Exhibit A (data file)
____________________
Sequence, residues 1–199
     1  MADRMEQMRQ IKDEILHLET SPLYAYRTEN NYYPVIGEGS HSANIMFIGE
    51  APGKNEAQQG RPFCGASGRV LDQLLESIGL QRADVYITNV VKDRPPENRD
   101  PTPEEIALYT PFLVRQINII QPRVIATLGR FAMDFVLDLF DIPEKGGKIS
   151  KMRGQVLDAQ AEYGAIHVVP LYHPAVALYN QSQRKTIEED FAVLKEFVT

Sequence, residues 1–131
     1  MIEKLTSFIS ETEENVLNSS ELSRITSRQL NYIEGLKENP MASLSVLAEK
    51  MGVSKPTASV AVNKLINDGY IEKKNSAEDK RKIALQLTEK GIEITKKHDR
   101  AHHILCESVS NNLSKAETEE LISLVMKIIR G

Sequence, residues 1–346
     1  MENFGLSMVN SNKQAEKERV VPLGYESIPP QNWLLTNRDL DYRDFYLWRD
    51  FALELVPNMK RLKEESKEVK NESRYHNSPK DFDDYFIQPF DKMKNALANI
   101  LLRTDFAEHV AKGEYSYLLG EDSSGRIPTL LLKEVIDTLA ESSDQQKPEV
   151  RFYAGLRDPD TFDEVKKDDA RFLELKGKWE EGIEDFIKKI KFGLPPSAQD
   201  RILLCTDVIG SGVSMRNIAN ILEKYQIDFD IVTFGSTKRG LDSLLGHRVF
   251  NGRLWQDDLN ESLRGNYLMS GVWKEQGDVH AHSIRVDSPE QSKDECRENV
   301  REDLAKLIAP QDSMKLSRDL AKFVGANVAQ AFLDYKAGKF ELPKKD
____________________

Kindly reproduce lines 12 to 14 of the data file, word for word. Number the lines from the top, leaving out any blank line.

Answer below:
    51  FALELVPNMK RLKEESKEVK NESRYHNSPK DFDDYFIQPF DKMKNALANI
   101  LLRTDFAEHV AKGEYSYLLG EDSSGRIPTL LLKEVIDTLA ESSDQQKPEV
   151  RFYAGLRDPD TFDEVKKDDA RFLELKGKWE EGIEDFIKKI KFGLPPSAQD